Star Date – January 2015

by Craig Linde

Jupiter rises early enough so that it is visible high in the east before midnight and high in the south after midnight. The highlight of the month appears low in the southwest in the twilight sky just after sunset. Venus and Mercury form a strikingly close pair for the first two weeks of January. During the third week, Mercury sinks closer to the horizon before disappearing from view. Mars is located a little higher and to the upper left of this pair. Saturn is getting much higher in the morning twilight before sunrise, making it easier to spot. On the morning of the 16th, the old crescent moon is very close to Saturn. On the 21st, the young crescent forms a triangle with Mercury and Venus. The next evening, it is near Mars.

The winter sky is famous for its concentration of bright stars. This dazzling display leads to one aspect of the winter sky being overlooked, namely the Milky Way. The winter Milky Way runs from the southwestern horizon, straight overhead through zenith and down to the northeastern horizon. It is not as impressive as the summer Milky Way due to its fainter and smoother structure. When we see our home galaxy in the summertime, we are looking toward its dense center. During the winter, the night side of the Earth is facing in the opposite direction, toward this subtler region of the Milky Way. Most notable is the segment stretching high overhead from Cassiopeia through Perseus and Auriga. It contains a multitude of star clusters that can easily be spotted in binoculars. Located between Perseus and the “W” of Cassiopeia is the famous Double Cluster. It is actually a pair of adjacent star clusters that can be seen with the unaided eye as a soft fuzzy spot. Using binoculars, you can resolve the fuzz into two distinct objects. In a telescope, they form a spectacular sight.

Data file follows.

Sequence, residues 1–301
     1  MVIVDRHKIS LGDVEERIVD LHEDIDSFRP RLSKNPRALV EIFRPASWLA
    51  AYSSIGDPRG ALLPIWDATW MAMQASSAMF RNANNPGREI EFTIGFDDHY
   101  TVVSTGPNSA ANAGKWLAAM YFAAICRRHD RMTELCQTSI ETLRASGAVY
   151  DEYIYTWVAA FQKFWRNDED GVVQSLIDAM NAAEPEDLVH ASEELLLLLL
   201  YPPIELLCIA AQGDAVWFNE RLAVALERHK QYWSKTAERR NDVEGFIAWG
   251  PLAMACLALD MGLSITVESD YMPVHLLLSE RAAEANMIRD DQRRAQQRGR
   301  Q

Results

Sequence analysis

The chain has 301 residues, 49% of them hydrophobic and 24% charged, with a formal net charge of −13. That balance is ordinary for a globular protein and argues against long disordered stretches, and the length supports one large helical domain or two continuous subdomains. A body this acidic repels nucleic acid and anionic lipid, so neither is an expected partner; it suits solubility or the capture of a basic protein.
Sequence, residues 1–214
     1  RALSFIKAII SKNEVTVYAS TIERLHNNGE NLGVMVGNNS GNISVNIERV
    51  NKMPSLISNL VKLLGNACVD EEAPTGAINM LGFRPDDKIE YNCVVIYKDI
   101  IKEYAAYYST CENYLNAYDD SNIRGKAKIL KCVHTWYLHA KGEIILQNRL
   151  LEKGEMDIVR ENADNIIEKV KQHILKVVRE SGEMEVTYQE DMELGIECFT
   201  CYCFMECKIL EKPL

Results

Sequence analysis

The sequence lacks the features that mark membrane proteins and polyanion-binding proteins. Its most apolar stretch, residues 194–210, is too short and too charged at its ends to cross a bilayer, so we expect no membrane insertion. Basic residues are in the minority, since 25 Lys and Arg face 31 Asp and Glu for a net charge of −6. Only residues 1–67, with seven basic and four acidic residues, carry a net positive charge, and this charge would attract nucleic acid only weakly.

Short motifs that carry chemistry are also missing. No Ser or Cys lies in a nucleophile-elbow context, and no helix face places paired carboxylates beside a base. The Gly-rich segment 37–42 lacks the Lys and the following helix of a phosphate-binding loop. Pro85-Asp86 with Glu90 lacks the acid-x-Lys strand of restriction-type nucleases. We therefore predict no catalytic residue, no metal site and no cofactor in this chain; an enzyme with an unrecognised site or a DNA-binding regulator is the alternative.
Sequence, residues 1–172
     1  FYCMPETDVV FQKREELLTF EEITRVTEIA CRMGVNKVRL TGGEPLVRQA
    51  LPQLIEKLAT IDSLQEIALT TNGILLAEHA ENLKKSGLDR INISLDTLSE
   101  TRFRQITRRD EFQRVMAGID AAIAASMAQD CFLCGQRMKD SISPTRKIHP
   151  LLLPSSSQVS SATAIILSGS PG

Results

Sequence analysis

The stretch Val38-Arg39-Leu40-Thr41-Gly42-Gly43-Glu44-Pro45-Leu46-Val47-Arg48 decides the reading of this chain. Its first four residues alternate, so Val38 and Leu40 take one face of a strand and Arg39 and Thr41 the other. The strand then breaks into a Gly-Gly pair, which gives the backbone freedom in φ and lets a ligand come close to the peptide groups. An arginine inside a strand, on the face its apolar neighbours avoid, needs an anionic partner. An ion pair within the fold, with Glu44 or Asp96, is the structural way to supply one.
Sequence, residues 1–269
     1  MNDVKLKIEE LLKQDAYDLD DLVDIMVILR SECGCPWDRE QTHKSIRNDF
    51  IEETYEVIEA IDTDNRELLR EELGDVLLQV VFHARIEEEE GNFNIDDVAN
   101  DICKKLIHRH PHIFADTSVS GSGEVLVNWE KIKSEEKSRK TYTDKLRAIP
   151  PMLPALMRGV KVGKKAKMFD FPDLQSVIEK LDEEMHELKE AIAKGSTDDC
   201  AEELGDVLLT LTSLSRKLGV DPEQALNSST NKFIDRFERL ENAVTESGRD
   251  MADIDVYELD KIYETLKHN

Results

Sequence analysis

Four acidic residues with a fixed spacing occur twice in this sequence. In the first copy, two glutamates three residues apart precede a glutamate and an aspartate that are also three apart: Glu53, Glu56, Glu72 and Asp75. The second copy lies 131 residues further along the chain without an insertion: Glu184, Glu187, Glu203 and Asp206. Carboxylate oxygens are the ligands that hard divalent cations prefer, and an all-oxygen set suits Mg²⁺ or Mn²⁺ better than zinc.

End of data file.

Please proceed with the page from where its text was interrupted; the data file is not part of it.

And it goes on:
-Craig Linde

Courtesy of the Marquette Astronomical Society,
For information about the club and the next meeting,visit our website.
A free monthly sky chart is available at

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